Third passenger: The sofa in the living room can be opened into a bed wider than a twin but narrower than a standard double. When the sofa is opened, access to the balcony is blocked. As noted under "Storage" there are no separate shelves or cabinets for anyone sleeping in the living room. The drapes in front of the balcony door and window can be easily closed and are just as effective in blocking light as the drapes between the bedroom and bathroom.
TV: The Gemini Suite has two digital (flat-screen) TV's. The living room has a 26" unit on a TV credenza opposite the sofa. It is firmly attached to the credenza but swivels to adjust the viewing angle. The second TV is located behind a cabinet door in a corner of the bedroom. It is a 19" unit and can be viewed while sitting up (or lying back) in bed. The living room TV is also connected to a DVD player. You can bring your own DVD's or borrow some from the ship's library. You can also play CD's through the TV's speakers.
Water/ice: The ice bucket was automatically re-filled every day (and I am sure could have been re-filled more often if it were being used up faster than that.) The cabin came with a liter bottle of San Benedetto water. For reasons neither DW nor I could think of at the end of our stay, we had not drunk it so I can not say whether it might have been replaced if we had emptied it.
Wi-Fi: Available only in the Internet Cafe/Library and in the atrium. Not available in the cabin.
Read entire member review.
Stern facing cabin. Quiet location with little hall traffic. Balcony is narrow but still able to comfortably have 2 chairs, a table and 2 loungers. Great bathroom and included a heavy duty transformer so I could use my USA hair dryer with the ship's European wiring. Read entire member review.
This suite is simply wonderful. A very thorough review written a few years ago by Needhamite can be found on the boards and is still very accurate. The cabin has more of a European feel with soothing colors and paintings of Venice. The aft balcony has 2 chairs and one lounger. The hot tub overlooking the wake is great. You must fill the water up to get the jets to work. There is plenty of storage space and two small safes. The lighting system is a bit confusing. There are two main switches which will turn everything on and off. Even so, the bedroom can be very dark. Afternoon treats consisted of either cheese and bread or sweets.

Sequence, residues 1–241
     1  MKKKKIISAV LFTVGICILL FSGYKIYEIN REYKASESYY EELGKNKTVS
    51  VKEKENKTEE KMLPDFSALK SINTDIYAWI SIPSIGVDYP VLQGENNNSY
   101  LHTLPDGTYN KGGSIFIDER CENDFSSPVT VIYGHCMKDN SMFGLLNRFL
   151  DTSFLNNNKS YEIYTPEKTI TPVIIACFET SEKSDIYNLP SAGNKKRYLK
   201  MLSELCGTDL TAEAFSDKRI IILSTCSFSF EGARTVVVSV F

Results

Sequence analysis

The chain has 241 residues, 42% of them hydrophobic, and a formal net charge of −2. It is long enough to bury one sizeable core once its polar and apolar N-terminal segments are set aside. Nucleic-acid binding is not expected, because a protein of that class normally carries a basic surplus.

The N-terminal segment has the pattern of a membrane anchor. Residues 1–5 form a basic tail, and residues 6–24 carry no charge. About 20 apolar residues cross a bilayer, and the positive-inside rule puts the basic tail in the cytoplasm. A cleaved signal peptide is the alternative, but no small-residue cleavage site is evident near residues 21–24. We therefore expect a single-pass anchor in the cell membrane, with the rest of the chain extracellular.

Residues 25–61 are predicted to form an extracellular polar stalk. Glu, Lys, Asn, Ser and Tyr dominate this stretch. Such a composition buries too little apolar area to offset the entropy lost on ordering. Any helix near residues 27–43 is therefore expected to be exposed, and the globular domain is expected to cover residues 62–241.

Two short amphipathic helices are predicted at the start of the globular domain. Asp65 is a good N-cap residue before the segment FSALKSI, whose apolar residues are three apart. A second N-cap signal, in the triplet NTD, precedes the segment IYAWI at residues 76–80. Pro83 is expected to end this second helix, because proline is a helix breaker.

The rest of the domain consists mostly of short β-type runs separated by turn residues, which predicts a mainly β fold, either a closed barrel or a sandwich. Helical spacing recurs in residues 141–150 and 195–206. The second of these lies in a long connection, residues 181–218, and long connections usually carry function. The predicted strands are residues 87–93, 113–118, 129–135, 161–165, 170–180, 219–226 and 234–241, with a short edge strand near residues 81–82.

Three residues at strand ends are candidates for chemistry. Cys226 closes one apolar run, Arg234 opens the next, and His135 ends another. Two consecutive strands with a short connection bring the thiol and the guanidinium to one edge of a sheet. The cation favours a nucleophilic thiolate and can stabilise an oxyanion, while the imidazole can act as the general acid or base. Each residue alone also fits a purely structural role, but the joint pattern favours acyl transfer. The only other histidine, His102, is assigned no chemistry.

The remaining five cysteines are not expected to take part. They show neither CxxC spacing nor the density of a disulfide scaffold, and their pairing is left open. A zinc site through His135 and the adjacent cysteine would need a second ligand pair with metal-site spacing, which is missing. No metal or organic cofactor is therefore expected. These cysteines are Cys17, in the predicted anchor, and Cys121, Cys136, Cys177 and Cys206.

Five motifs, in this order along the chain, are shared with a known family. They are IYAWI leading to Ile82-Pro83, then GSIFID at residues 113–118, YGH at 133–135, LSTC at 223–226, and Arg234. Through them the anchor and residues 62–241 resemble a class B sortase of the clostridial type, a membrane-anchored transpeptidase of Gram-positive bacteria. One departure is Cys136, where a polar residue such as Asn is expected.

Along with the suite you can have breakfast and lunch in Cagney's ,priority disembarkation, access to a DVD library. an invitation to the captain's cocktail party, early entry into the Chocolate Buffett, and reserved seating at the shows among other perks. We found ourselves using the back stairs located at each end of the back hallway to go up to the pool. Room service for breakfast was available but Cagney's was open early on the port days, so we usually went there.
9710 is an excellent Suite. The balcony offers a great view off the stern of the ship and is very private. My wife enjoyed bathing and watching the view out of the window behind the tub. I wish I was still there having an adult beverage on that balcony. Read entire member review.
AD suites are aft on Spirit, and there is some rumbling from the engines and some rocking when in rough seas. But it never kept us awake, and we grew to enjoy being rocked gently to sleep at night when at sea. And the cabins are GORGEOUS lots of special aspects that are definitely worth the extra money. Read entire member review.
These cabins were rated but not individually reviewed; read the full cruise review for opinions on cabins and more.